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Review – Mass Effect 2 for PS3 | Level Up News

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Review – Mass Effect 2 for PS3


When Mass Effect 2 came out last year, one of the biggest selling points was the ability to upload old save game files to carry over key choices your Commander Shepard made in Mass Effect. But what about those people who didn’t play the first game? Well, they were stuck with whatever randomness the game saw fit to give them. In the first random game I started, Liara was on the Normandy in the opening scene, the Council had perished, and I was known as a ruthless spectre. In the second random game, Ashley was on the Normady—which lead to an instant reboot. Third random game it was Kaidan overseeing the evacuation, but he wasn’t my love interest—which lead to another instant reboot.

“Wouldn’t it have been awesome,” I had told my roommates, “if there was some sort of selection screen for newcomers to this franchise to pick and choose the main plot points in Mass Effect instead of the computer deciding? Like, I decide whether I saved the Council in the first game. I decide whether I killed Ashley or Kaidan. I decided whether Wrex died.” They had all agreed, thinking it was pretty lame that wasn’t already a feature.

When talk of Mass Effect 2 porting to PS3 surfaced, all my friends asked, “Gee, does this mean you’re going to repurchase Mass Effect 2 for PS3?” Considering I already own it (and have beaten it countless times) on the 360, I said no. I’d dealt with game-generated Shepards before; I wasn’t interested in doing it again when I could import save files on the 360 (and PC).

“But it’s built using the Mass Effect 3 engine!” So? Big deal. Being able to hand-pick my plot was more important than shiny graphics. And I didn’t see how it could work. Mass Effect was never published for the PS3, so how could Mass Effect 2 be translated to the console? The plot point roulette in the 360 and PC version would be even worse. For all those who don’t own 360s or PCs that could handle Mass Effect’s graphics, and the PS3 port would be their first introduction to the franchise. How were newcomers going to know what happened back then and how it affected what was going on now short of spending long nights reading the Mass Effect Wiki? It sounded like a formula for disaster.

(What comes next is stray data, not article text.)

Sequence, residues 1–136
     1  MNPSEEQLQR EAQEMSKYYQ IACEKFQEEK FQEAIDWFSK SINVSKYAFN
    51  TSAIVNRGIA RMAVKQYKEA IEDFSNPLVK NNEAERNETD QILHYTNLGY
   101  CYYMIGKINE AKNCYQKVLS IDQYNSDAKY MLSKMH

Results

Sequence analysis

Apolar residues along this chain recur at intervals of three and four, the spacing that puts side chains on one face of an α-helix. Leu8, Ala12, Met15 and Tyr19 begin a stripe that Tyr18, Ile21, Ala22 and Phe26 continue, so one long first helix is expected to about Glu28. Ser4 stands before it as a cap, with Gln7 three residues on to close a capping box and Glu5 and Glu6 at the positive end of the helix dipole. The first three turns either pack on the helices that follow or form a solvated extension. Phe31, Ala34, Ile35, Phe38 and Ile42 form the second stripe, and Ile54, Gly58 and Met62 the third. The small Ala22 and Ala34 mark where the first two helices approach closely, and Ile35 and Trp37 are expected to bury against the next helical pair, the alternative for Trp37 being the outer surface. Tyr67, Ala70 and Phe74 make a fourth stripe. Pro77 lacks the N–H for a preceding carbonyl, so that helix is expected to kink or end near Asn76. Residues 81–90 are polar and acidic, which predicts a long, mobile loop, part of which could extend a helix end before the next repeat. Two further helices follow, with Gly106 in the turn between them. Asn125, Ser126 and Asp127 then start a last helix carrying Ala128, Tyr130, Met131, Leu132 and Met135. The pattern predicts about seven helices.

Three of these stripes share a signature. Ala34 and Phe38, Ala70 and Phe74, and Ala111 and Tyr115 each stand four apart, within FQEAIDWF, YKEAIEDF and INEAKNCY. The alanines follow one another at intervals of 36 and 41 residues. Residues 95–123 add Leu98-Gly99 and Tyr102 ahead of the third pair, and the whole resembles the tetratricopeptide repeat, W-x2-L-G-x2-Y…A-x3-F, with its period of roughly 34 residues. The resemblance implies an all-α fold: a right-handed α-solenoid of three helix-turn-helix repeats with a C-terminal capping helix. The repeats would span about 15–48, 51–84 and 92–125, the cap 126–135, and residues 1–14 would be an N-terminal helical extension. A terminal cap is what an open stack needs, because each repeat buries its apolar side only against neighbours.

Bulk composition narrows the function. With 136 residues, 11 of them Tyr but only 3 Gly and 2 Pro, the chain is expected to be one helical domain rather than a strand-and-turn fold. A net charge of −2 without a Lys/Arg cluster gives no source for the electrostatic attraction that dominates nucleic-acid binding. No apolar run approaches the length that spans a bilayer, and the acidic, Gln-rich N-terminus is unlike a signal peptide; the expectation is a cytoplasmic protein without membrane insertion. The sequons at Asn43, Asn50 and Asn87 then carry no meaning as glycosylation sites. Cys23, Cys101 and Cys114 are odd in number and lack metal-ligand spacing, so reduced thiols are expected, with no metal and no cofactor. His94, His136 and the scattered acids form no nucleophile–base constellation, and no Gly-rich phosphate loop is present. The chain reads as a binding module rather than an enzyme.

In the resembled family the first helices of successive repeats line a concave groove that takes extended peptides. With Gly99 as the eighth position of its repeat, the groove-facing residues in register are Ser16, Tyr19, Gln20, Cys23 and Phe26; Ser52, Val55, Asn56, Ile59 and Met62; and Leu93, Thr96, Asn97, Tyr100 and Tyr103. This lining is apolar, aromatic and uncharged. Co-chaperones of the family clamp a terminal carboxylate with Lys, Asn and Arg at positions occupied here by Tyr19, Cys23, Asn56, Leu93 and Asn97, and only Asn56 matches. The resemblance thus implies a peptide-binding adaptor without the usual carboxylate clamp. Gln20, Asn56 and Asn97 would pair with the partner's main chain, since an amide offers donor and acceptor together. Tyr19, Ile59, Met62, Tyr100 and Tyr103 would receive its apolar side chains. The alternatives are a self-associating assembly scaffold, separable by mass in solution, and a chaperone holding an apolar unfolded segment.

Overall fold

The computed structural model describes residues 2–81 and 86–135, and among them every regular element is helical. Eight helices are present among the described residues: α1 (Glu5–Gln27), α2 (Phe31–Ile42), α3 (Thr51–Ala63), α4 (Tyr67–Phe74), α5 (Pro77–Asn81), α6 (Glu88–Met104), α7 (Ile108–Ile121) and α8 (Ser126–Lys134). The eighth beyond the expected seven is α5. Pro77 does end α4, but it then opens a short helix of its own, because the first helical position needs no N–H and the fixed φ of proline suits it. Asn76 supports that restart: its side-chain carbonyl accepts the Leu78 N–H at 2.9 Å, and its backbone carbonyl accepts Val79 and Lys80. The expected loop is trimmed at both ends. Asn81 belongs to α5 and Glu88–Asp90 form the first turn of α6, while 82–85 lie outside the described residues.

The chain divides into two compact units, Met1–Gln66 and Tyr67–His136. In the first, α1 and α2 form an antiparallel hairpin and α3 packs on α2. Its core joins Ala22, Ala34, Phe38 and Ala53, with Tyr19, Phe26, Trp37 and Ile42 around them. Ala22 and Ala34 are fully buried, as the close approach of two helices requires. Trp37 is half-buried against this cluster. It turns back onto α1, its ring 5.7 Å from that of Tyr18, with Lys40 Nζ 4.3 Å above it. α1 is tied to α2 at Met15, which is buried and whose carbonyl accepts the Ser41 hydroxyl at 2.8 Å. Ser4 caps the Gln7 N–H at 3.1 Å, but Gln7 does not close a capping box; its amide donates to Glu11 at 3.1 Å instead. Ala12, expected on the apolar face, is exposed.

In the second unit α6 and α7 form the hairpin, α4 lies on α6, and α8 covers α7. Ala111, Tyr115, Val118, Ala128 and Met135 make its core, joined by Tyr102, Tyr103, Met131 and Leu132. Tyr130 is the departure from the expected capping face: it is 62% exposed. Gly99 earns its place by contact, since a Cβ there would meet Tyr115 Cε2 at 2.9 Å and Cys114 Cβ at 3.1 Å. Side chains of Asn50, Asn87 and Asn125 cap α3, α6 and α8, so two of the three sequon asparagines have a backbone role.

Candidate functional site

BioWare must have heard me. (Hi, BioWare!!!)

While watching the loading screen for Mass Effect 2 on PS3, I took a deep breath and told my inner fangirl that I was going to play whatever plot points the game sought to give me—even if it meant Ashley survived Virmire. (Seriously, who saves the poetry-loving bitch?) During the Normandy’s destruction, I watched Liara run to Shepard’s side and aid in the evacuation of the crew, and wondered if I would have to wait until I hit Horizon to see whether this random Shepard had been dumb enough to save Ashley. I watched Shepard get spaced, and the main title appear on the screen.

But then Mass Effect Genesis popped up, and Commander Shepard began narrating a digital comic… a beautifully-drawn digital comic (a collaborative effort between BioWare and Dark Horse Comics) recapping of all the major events of Mass Effect.

Game, you have my attention.

Not only did the digital comic recap Mass Effect (apparently, though, Feros and the mutant zombies slipped Shepard’s mind), but it allowed me to choose the outcomes of the major plot points in a Choose Your Own Adventure kind of way. Shepard’s narration would lead up to decision point wherein I picked what happened next. I told the comic whether Shepard chose Liara or Kaidan, I told the comic who bit the big one on Virmire and whether Wrex survived, I told the comic whether the Council was saved and who the first human councilmember was. And the comic made me want to replay Mass Effect.